Martin Steward talks to ex-FRR CIO Jean-Louis Nakamura about Lombard Odier's volatility-driven allocation and its time-horizon tactical allocation process
"The long-term is really only a succession of short terms," observes Jean-Louis Nakamura, executive vice-president and head of quantitative and overlay management at Lombard Odier Investment Managers. As the ex-CIO of the Fonds de Réserve des Retraites (FRR) and ex-CEO of France's Civil Service pension plan from 2002 to 2008, he knows that one of the biggest risks a long-term investor faces is of severe short-term losses creating an accounting headache at best, or, at worst, a funding hole too big to compound one's way out of. A robust strategic asset allocation is the best defence against that eventuality, but Nakamura maintains that the process underlying most pension funds' approach makes them more vulnerable to those short-term shocks.
A strategic asset allocation is, by default, an allocation of risk. But too often the focus is on the allocation of capital, based on an assumption that long-term average levels of risk will correspond to the levels of risk realised over the time horizon of the strategic allocation - that volatility is not, in itself, volatile, and its mean reversion will "iron out" risk over a three-to-five-year period. Nothing could be further from the truth, argues Nakamura.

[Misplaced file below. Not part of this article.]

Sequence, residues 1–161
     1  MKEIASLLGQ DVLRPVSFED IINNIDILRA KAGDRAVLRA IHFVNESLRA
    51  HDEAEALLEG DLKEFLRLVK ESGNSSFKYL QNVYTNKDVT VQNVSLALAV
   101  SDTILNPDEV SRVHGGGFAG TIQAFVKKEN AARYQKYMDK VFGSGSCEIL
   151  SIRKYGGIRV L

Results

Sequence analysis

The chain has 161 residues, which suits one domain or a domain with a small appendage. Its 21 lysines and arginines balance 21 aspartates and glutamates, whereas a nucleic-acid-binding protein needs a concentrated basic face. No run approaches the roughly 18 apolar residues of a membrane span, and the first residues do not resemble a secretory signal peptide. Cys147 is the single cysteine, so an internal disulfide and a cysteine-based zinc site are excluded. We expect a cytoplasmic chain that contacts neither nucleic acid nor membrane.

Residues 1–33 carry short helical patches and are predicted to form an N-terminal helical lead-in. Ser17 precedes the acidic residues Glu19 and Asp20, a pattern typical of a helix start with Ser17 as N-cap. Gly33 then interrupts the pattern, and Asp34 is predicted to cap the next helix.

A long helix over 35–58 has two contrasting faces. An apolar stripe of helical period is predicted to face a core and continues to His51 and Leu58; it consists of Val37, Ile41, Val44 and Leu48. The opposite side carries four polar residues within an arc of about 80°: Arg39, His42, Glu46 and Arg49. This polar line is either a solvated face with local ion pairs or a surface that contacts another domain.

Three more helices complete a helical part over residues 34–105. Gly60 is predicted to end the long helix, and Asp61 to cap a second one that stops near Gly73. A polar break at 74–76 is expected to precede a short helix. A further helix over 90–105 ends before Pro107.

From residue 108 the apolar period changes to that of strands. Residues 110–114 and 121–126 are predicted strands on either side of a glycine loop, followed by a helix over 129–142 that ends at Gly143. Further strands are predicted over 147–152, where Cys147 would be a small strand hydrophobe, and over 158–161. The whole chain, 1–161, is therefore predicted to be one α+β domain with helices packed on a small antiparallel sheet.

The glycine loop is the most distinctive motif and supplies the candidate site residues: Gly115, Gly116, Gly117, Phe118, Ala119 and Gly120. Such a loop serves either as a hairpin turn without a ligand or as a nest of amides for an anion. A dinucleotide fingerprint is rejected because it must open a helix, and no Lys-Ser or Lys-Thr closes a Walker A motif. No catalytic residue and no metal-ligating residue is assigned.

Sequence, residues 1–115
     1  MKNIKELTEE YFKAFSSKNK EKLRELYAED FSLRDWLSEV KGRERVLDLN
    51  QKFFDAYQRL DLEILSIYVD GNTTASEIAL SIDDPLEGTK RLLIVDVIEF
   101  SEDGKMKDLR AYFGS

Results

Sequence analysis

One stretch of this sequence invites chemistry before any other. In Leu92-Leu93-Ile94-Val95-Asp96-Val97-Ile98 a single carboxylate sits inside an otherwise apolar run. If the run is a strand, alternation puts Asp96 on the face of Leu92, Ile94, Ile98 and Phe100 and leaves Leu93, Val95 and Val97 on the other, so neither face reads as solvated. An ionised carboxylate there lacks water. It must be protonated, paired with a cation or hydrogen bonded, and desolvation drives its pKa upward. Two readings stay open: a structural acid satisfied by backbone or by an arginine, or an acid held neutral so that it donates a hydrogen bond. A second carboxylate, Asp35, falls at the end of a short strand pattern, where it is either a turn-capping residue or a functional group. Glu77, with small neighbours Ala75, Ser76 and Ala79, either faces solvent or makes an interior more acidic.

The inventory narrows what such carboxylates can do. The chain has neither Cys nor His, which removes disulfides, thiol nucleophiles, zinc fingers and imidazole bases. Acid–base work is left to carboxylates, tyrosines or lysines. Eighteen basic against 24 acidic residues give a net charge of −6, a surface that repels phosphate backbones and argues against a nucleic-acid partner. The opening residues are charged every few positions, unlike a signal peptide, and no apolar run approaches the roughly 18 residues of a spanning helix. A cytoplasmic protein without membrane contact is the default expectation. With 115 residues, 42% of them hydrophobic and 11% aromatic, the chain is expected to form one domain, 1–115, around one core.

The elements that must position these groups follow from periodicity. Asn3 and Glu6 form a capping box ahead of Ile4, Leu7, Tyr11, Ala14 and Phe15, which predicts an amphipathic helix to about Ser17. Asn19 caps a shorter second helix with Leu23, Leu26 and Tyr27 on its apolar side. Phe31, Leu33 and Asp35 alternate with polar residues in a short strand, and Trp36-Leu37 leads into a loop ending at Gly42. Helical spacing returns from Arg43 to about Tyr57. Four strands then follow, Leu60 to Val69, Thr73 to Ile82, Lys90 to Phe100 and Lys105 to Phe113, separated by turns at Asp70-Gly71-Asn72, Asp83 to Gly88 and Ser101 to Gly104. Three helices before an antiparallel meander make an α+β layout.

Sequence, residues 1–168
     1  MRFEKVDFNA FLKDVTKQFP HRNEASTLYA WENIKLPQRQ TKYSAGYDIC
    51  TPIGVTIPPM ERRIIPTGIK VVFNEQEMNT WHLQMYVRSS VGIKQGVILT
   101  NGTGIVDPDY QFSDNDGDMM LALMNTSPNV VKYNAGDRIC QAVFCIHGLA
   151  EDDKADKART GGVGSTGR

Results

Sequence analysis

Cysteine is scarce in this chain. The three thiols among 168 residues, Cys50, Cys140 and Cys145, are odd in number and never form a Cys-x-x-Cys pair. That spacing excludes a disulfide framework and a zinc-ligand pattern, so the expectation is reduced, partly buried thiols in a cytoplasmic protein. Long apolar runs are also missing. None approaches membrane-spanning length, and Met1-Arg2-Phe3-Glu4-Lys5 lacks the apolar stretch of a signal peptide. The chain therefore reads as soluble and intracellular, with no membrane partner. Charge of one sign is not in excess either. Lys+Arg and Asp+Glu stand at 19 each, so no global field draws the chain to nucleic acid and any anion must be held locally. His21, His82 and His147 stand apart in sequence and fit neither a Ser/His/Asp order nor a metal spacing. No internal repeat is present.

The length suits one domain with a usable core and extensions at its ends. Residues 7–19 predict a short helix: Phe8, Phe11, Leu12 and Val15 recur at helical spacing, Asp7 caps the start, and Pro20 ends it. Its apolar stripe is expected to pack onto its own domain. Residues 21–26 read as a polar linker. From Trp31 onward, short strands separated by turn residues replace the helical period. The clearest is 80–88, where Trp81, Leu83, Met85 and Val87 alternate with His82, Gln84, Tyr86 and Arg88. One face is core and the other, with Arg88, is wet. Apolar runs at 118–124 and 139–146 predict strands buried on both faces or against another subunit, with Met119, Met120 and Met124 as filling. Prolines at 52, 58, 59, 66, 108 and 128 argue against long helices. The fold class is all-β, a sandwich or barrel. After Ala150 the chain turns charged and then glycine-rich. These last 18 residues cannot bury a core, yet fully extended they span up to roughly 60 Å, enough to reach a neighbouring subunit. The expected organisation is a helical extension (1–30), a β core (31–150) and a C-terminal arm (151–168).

"Implied volatility on the S&P500 for the past 25 years suggests that risk is clearly not constant over time, and you have successive periods of high levels of risk - Vix levels of 25-35, say - and low levels of 10-20," he says. "It is astonishing to see how regular these regimes are in terms of length - about four or five years."
An investor implementing a traditional three-year strategic asset allocation in 1996 did so based on long-term equity volatility of 20-25%, even though actual volatility was about 10-12% at the time, and within a year it had moved up to levels at 25-35% (with peaks at 50%-plus) which lasted for five years.
"The asset allocation with 60% in equities would stand for a very different level of risk in this new regime than it did when the strategic allocation was decided," observes Nakamura. "Very few institutional investors translate their asset allocations into risk-contribution allocation - but what is it that counts? The problem of 2008 wasn't simply that investors lost money. It was that they lost more money than was predicted even in their worst-case scenarios, because their asset allocation no longer stood for the level of risk they had in mind when they set it up."
If the initial decision is framed as a risk allocation (to both global risk and the risk of individual asset classes), the strategic management of that benchmark consists in rebalancing the portfolio not in terms of asset allocation weights, but in terms of risk contribution - maintaining the initial risk budget by buying assets whose volatilities are falling below their strategic assumptions (often long-term levels) and selling those whose volatilities are rising above those levels. This, in simple terms, is what Lombard Odier's volatility driven allocation process does (as well as volatility, the process also rebal ances against distortions in inter-asset class correlations).